What is an Unconference?

The Unconference is attendee-driven sessions that provide the opportunity for anyone who is attending the conference to lead, contribute, share ideas and discuss problems in an organized setting away from the main stage talks.

Who can lead an Unconference session?

Anyone! All attendees are invited to lead a session on a topic – sessions can be organized around a presentation, group discussion or anything in between.

Who can attend an Unconference session?



Above is an example of what the unconference signup board will look like.

Unconference Schedule

Date: Monday, April 15 & Tuesday, April 16

  • Morning and afternoon sessions
  • Each session is 40 minutes in length

Exact times to be posted on our Schedule page.

Leading a Session

There is no stage in an unconference. Sessions take place at tables and focus on small group interaction.

How do I structure my unconference session?

  • Group discussion - Pick a topic and facilitate a group discussion
  • The semi-talk - Use a short presentation to lead into a group discussion on a topic
  • Show and tell - Show off your latest project, a new tool, or anything else you are excited about
  • Presentation - Because sessions are meant to be small and inclusive, this is a difficult format for a session. You cannot rely on slides, because you will not have access to a large screen. Feel free to present a longer talk, but expect more interaction from others joining the session and break often for questions and discussion.

These ideas were borrowed from Scott Berkun. Read more of his post on unconference sessions.

Tips to keep in mind:

  • Good sessions emphasize group participation. However, if you choose a format that includes a lot of your own ideas or material, be prepared to dial it back and use what you have as a starting point, not as the focal point.
  • Aim to keep your sessions manageably small. Most sessions are typically 5-12 people. If you’re leading a session on a popular topic (notably API docs in the past), consider scheduling an early time so there’s the possibility to schedule overflow sessions later in the day, or the following day.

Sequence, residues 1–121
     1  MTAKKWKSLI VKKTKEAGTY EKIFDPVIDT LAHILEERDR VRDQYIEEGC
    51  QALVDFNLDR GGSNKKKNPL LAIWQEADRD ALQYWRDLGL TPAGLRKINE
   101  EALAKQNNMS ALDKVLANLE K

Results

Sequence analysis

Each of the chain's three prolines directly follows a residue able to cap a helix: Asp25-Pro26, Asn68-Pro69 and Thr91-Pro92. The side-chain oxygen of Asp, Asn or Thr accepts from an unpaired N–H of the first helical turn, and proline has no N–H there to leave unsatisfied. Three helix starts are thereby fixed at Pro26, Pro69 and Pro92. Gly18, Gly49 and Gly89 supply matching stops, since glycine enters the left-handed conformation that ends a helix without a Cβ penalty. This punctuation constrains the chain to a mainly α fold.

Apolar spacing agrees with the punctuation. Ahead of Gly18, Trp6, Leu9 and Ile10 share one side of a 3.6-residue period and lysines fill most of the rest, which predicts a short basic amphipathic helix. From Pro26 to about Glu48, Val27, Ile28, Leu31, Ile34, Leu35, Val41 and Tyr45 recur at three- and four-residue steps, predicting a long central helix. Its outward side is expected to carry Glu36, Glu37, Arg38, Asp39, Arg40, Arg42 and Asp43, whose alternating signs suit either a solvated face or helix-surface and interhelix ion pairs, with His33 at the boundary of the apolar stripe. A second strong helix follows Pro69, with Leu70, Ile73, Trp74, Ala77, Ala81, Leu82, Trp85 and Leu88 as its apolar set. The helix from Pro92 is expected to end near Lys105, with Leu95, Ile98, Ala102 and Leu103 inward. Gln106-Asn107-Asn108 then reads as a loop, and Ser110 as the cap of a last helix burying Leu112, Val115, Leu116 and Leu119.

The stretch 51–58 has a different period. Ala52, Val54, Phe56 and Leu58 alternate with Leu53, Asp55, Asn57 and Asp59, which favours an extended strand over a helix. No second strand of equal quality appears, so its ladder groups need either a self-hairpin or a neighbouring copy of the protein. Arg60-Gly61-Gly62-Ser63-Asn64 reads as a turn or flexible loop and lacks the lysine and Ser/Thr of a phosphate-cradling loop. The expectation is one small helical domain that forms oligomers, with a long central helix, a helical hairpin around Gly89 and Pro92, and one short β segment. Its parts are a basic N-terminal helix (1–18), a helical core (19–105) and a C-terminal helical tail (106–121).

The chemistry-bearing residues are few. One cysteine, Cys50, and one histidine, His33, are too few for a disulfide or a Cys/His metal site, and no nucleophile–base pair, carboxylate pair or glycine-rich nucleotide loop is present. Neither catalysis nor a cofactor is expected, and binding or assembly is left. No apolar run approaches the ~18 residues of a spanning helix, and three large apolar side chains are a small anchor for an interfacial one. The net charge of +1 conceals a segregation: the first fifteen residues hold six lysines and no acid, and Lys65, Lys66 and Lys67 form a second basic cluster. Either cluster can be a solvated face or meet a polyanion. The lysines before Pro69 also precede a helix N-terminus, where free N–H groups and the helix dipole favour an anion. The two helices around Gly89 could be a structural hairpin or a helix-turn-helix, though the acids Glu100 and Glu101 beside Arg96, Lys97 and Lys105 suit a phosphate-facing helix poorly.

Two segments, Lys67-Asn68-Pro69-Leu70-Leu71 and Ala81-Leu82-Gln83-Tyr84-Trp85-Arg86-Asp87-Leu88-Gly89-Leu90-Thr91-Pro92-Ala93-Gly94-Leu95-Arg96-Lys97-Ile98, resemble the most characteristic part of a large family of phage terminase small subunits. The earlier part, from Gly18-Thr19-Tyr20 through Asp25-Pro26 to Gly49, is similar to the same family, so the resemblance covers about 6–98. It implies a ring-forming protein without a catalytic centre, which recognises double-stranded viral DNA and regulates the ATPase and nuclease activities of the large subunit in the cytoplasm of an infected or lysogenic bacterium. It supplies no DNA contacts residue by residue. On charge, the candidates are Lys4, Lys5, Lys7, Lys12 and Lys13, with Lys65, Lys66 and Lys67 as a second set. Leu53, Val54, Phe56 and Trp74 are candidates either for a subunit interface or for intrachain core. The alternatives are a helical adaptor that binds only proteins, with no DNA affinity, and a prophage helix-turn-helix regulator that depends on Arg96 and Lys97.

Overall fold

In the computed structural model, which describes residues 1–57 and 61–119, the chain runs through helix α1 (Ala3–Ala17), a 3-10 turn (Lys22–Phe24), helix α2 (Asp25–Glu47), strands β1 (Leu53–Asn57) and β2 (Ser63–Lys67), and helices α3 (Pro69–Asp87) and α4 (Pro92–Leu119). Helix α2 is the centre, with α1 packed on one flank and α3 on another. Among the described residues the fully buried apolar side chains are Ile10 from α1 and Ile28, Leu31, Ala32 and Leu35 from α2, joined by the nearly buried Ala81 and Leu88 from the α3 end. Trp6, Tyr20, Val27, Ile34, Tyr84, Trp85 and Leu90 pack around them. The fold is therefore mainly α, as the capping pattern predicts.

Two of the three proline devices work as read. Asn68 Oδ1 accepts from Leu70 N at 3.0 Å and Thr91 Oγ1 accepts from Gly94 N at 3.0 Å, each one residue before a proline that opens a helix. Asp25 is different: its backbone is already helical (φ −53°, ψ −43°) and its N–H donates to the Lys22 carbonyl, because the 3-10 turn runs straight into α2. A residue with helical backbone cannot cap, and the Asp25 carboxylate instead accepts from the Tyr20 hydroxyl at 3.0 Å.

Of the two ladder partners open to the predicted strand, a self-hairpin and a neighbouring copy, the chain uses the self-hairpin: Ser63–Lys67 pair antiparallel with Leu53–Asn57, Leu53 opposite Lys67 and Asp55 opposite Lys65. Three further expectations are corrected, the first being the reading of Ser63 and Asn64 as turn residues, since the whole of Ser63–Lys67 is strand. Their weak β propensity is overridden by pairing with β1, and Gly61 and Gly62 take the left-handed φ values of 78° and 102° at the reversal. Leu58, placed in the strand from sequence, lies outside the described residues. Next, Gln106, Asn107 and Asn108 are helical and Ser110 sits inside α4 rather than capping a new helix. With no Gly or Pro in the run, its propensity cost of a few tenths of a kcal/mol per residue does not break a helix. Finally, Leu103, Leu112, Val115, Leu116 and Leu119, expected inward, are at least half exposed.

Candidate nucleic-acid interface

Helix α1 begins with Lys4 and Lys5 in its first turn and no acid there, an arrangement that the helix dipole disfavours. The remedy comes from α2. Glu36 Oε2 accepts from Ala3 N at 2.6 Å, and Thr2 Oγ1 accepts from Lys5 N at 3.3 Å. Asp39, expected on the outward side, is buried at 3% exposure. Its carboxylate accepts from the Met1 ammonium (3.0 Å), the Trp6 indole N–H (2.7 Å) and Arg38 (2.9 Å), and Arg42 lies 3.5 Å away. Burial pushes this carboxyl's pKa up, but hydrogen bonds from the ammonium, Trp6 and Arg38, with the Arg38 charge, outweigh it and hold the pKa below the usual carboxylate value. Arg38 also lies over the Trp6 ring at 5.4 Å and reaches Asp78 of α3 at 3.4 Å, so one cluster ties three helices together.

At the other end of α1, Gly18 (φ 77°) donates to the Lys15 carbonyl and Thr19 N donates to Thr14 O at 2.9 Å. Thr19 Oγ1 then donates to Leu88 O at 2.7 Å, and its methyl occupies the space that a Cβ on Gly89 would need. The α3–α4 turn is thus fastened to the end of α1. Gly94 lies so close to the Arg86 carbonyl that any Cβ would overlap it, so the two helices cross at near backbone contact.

• Whoever attends are the right people. You can get great results with 5 or 30 people, and sometimes it’s better to have a smaller, but more engaged group.
  • People may come and go during the session and that’s okay!
  • Keep an open mind. Even though the session starts out with a topic, you may end up with a different outcome.
  • Ask unconf organizers for support to wrangle logistics. The room can get crowded especially when a popular topic is scheduled.
  • When it’s over, it’s over. There are time slots to help organize the sessions but you can finish early or continue the discussion elsewhere.

Some above tips inspired by the “Open Space Technology” infographic.

Attending a Session

  • View the Sessions Schedule. This will be posted online and in the unconf room during the conference only.
  • Head to that table and have a seat. You can also join mid-session!
  • Feel free to listen or add your voice to the discussion.
  • Don’t be afraid to change sessions mid-slot! Please make sure you bow out politely.

Can’t find a session you want to attend? Perhaps this means you should add your own session to the schedule!

Scheduling a Session

  • The first opportunity to schedule a session is on Sunday at Writing Day and the welcome reception. Sign up anytime during the conference on Monday and Tuesday.
  • Write the title of your session on a note. Pick a time slot and table number on the large schedule.
  • The schedule for the Unconference is posted in-person, but we have an online version that we update periodically throughout the conference.